One of the perennial challenges in the cyber arena is the attribution of attacks, a task that is complicated by a tangled and sometimes interrelated cast of malicious actors, ranging from hostile foreign governments to non-state entities such as terrorist organizations, criminals and activist hackers. But within that complex environment, the activities of nations like China, Iran and Russia pose the greatest challenge.
"The most significant threats to the United States in cyberspace come from select nation-states, but we continue to watch closely for signs of non-state actors aimed against both government and private sector targets," Nakasone said, adding that Cyber Command actively monitoring "for signs of non-state actors making significant improvements in their cyber capabilities."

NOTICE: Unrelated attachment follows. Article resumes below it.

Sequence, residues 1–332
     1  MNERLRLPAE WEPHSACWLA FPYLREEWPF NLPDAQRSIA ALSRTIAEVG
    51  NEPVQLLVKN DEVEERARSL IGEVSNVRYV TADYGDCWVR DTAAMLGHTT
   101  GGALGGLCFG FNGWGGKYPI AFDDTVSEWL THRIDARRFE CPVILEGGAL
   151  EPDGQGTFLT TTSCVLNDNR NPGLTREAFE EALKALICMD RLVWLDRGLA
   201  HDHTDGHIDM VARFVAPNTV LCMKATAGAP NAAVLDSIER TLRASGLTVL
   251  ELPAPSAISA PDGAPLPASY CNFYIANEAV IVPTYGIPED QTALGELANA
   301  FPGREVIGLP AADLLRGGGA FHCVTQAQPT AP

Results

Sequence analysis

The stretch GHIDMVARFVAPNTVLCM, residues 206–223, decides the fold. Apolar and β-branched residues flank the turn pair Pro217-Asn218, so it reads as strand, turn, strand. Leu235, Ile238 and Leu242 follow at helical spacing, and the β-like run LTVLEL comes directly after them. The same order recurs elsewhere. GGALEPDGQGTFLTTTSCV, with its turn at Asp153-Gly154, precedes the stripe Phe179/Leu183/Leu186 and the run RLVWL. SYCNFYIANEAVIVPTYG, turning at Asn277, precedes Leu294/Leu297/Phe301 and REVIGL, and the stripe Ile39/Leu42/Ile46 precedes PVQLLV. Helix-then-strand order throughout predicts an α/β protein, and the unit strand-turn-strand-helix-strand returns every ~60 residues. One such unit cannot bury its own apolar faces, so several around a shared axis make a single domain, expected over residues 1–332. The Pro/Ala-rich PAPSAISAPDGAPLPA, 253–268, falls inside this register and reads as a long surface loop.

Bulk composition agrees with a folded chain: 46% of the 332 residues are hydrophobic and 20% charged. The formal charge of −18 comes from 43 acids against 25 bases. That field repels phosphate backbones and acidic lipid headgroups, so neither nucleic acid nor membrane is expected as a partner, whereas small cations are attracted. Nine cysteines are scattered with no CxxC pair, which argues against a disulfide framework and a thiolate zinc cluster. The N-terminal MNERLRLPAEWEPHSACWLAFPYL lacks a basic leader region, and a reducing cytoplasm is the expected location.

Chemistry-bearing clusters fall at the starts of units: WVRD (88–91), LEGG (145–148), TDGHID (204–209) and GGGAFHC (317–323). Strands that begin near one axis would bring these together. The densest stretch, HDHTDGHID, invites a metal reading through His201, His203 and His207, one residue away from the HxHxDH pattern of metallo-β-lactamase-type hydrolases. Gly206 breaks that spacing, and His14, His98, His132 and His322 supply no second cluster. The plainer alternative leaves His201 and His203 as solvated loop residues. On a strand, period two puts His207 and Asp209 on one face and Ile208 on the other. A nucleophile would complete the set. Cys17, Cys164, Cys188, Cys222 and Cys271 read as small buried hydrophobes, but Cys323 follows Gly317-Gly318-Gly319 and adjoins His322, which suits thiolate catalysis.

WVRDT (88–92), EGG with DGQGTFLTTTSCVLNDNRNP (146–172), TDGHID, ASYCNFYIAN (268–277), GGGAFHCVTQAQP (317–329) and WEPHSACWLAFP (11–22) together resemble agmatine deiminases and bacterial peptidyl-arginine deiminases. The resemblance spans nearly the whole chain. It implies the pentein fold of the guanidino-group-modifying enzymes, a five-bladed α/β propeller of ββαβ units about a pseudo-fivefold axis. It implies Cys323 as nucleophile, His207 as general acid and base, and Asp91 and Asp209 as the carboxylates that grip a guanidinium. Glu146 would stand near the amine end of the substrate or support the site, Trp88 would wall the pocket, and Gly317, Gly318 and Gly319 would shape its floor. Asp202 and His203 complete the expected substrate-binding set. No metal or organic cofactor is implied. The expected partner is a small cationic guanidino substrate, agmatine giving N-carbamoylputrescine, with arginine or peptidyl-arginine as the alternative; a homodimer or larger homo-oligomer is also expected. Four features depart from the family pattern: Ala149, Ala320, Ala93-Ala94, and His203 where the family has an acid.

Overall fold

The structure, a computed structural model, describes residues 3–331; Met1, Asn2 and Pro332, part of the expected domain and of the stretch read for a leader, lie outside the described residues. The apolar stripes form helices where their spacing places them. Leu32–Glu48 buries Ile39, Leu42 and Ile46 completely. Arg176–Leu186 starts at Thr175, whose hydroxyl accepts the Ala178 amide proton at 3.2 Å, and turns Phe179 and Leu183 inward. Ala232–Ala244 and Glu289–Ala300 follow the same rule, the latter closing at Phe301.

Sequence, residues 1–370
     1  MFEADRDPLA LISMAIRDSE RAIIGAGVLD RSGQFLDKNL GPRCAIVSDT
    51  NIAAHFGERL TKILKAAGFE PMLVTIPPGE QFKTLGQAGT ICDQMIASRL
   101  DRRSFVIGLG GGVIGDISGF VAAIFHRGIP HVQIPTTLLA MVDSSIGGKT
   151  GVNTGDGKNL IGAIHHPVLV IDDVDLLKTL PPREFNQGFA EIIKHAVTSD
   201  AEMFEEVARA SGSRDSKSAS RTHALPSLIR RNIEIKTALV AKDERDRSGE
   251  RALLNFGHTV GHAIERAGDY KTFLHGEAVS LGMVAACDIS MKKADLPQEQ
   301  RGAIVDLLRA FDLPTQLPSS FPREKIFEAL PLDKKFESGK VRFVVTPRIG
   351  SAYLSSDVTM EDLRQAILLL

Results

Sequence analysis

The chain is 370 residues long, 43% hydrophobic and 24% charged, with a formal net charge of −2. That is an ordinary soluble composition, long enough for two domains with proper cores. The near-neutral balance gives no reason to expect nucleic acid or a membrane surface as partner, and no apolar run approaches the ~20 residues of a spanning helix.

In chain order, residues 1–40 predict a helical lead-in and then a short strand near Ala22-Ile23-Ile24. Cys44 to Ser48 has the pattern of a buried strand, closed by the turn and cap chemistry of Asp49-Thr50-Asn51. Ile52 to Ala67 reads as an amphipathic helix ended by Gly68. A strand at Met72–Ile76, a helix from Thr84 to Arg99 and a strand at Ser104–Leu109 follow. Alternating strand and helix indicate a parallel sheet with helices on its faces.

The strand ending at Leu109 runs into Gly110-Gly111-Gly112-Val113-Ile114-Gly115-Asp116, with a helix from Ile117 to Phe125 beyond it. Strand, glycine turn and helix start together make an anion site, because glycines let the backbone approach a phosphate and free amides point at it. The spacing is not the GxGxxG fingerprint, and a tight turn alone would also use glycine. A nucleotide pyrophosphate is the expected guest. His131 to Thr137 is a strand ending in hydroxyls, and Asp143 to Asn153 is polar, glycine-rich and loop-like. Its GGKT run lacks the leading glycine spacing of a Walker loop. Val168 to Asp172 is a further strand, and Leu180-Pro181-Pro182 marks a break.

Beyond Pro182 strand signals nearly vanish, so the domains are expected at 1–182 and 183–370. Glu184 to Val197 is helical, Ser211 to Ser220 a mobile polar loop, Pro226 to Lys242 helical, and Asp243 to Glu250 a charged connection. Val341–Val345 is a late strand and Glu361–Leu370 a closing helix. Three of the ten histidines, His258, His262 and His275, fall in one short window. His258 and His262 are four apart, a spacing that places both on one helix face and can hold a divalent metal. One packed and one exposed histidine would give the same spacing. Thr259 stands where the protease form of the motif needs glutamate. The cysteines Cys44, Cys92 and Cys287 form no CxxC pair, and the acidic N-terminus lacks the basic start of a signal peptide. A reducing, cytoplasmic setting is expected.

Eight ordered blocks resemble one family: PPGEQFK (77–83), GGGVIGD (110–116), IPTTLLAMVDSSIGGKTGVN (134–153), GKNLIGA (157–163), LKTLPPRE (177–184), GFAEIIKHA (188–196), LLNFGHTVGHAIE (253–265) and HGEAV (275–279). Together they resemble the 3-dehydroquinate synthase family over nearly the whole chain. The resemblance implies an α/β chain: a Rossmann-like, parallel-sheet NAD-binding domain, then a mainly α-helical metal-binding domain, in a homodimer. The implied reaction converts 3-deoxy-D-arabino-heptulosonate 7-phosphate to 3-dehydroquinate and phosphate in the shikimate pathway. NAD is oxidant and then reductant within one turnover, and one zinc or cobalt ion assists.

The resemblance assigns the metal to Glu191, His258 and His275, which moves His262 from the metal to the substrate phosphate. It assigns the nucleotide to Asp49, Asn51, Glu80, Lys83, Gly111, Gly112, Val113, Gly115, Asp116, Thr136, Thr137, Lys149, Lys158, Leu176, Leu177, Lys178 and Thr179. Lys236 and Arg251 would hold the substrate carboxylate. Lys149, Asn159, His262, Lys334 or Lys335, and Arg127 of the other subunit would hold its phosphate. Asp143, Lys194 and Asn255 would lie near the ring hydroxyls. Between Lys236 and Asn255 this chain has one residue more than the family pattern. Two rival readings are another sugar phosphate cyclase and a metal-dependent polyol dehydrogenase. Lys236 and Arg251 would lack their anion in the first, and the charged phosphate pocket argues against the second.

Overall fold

Nakasone also emphasized the importance of building cybersecurity partnerships among the military and civilian government communities that would also include healthy relationships with vendors and others in the private sector, as well as friendly foreign nations.
"[W]e need to better integrate our forces into the planning and execution of operations across the Department of Defense, [and] to build even stronger partnerships across the U.S. government, with allies and industry," he said.
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